Most mounted holsters end up on the steering column or somewhere on the driver’s side on the center console. Properly mounted, it will give you quick access to your handgun. However, the system itself is very easy to spot from the outside of the car. This is the equivalent of open carry – but in your car. Anyone (including police) that approaches your car can see that you have a handgun accessible. During a traffic stop, once he sees you have a handgun, the police officer is already calculating his risk before you even have a chance to interact with them.
Cable Locks and Gun Safes
Despite the shortcomings of the mounted holster, there are a few pieces of other gear that increase your effectiveness. Any good gun owner has a responsible and safe way to store their handgun in their vehicle. This is usually limited to either a locked glove box or a cable lock securing the handgun to the driver’s seat frame bolted to the floorboards.
Depending on circumstances, the cable lock can be an acceptable way to secure your firearm in the car. However, your best alternative to a low-security cable lock is a dedicated gun safe bolted onto or custom made into your vehicle.
The gun safe's low profile is less likely to be detected and is much more difficult to breach, depending on quality. For that reason, we encourage exploring a mounted safe option for your vehicle – as long as it's only used to secure a gun when you are leaving it in the car and not driving.
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Running a quick search for quick access gun safes will get you started in the right direction of researching the solution that works for you.
If none of these seemed practical to you, then you’re probably thinking, “I’m just going to keep the gun in my holster and that’ll solve all my problems.”
Partially true. There are a few aspects of carrying in your belt that could be improved.
First of all, if you carry at the 4 o’clock position or further back, accessing your handgun is going to be an awkward reach back and down. Rotate your holster slightly forward to the 3 or 2 o’clock position when sitting in the car.
Now that the gun is ergonomically positioned and still secure in the holster, we want to make sure it's readily accessible. After all, what use is car CCW, if you're struggling to access your weapon as your car gets surrounded by carjackers or thieves?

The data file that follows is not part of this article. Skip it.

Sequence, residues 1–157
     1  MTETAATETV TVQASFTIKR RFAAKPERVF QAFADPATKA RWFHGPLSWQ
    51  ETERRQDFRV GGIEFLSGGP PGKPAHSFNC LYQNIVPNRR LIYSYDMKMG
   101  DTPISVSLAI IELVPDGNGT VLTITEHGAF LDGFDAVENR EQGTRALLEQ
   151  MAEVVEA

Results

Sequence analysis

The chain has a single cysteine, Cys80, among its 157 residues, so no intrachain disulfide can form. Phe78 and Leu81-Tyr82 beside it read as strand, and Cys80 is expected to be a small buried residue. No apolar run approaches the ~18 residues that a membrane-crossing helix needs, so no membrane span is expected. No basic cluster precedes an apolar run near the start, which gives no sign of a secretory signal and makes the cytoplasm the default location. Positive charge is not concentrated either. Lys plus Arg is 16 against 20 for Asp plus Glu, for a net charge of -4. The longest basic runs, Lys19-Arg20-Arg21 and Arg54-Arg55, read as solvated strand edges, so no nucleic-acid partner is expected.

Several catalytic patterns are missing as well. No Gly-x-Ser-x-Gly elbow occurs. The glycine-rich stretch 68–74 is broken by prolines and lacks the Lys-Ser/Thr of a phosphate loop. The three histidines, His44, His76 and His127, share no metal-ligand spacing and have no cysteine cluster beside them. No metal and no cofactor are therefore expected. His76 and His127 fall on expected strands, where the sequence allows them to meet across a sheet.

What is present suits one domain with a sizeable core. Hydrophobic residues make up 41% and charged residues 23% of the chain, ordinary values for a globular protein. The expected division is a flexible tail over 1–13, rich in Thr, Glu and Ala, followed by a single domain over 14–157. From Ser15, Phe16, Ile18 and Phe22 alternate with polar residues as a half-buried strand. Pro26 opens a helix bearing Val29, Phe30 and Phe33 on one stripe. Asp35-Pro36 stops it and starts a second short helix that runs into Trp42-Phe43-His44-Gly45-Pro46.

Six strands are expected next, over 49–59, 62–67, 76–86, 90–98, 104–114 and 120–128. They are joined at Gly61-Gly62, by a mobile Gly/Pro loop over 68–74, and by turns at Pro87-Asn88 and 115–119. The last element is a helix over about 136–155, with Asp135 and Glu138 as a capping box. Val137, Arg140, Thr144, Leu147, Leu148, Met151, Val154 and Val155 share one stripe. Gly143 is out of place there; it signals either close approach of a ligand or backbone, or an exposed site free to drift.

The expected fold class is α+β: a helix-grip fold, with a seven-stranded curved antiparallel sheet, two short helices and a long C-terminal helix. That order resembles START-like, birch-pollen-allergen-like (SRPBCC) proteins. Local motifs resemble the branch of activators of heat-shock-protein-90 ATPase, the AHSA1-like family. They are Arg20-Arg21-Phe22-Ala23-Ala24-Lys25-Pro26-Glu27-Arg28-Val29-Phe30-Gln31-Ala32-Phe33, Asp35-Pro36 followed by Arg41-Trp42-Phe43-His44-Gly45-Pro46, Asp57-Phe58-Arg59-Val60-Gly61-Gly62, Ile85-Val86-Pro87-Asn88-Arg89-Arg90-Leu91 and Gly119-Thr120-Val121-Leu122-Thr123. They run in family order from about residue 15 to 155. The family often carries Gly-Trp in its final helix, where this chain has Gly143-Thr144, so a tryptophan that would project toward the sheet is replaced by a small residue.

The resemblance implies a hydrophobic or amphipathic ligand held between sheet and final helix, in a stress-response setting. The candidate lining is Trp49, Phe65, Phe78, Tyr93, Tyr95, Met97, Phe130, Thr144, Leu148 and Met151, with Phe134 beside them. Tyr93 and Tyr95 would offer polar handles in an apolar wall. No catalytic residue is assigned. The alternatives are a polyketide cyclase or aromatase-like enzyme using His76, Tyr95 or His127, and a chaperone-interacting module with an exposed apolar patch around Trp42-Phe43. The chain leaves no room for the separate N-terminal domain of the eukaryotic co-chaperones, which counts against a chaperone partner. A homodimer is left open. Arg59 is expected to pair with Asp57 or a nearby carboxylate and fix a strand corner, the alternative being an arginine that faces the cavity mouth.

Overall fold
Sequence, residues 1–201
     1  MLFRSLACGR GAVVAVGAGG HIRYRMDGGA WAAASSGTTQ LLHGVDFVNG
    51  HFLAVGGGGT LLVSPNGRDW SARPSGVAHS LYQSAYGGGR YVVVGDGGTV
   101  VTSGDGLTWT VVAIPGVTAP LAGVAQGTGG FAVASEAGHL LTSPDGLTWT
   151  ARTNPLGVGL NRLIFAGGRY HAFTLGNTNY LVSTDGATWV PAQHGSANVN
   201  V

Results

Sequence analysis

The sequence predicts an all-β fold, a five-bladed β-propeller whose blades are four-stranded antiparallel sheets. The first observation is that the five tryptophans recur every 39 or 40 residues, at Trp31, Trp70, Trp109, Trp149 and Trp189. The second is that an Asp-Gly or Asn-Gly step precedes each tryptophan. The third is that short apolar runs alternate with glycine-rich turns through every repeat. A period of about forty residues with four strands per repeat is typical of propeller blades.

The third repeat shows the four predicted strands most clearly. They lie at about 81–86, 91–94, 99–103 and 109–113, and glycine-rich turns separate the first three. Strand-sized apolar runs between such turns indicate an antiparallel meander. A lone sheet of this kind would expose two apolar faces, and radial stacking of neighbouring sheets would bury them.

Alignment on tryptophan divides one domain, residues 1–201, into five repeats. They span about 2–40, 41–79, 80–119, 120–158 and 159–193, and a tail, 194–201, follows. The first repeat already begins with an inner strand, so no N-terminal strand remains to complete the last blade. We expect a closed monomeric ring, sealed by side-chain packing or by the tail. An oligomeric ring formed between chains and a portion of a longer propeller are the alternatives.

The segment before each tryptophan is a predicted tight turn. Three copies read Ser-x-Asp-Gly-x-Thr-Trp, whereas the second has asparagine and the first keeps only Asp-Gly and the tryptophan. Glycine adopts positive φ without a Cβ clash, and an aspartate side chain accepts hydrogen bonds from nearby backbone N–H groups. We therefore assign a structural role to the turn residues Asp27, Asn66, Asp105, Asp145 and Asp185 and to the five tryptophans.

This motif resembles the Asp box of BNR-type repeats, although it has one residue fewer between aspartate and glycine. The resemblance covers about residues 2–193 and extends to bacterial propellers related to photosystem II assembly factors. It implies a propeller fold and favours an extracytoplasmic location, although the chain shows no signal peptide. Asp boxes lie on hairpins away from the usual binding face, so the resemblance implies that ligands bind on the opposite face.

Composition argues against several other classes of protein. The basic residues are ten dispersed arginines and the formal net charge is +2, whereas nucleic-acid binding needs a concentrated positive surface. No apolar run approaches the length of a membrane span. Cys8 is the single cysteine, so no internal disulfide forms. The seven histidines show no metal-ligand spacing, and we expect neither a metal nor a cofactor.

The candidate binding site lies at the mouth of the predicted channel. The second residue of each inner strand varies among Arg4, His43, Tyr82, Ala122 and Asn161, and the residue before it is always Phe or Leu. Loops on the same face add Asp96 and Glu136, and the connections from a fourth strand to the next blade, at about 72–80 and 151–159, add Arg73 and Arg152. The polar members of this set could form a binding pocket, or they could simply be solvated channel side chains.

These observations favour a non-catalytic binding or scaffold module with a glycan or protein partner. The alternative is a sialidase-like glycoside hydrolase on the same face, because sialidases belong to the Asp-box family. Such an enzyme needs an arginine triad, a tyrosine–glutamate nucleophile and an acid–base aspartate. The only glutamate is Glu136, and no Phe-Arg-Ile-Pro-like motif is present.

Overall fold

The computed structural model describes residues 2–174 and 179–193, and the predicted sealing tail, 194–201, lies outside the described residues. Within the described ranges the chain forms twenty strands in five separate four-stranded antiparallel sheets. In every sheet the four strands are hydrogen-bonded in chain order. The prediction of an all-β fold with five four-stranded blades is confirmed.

For that reason, we want to tuck the shirt and even run the seat belt behind the handgun. This way there is no obstruction to the handgun, and it's still securely in place on your belt. If you appendix carry, just make sure the gun is made accessible with the same aforementioned steps.
Keeping your handgun holstered, but accessible, is going to be the top recommendation we can provide for carrying a handgun in your vehicle. Even as a passenger or left hand dominant shooter, be sure to make similar adjustments.
- Specifically designed and molded for the Springfield Hellcat 3" Micro-Compact 9mm, this concealed carry holster is made using only top quality...
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Practice What You Preach
No matter what method you decide to use to car CCW, these best laid plans are useless without training and preparation. Understandably, it's difficult to find a local range that will let you practice live fire from your car.
However, you may be able to find a dedicated class. Before signing up for the first class you can find, spend some time getting dry fire practice in. You can do this in your own garage or secluded lot if you don’t have a garage.
Practice drawing from concealment, dry firing from your seat and passenger seats, and evacuation drills. Breaking contact is just as important as meeting the threat with reasonable and proportional force.
We’re always growing from your input. Share with us what has and hasn’t worked for you in the past regarding car CCW with a comment below!
For more from Marc Holley, Owner and Executive Instructor at Atlas Defense, click here!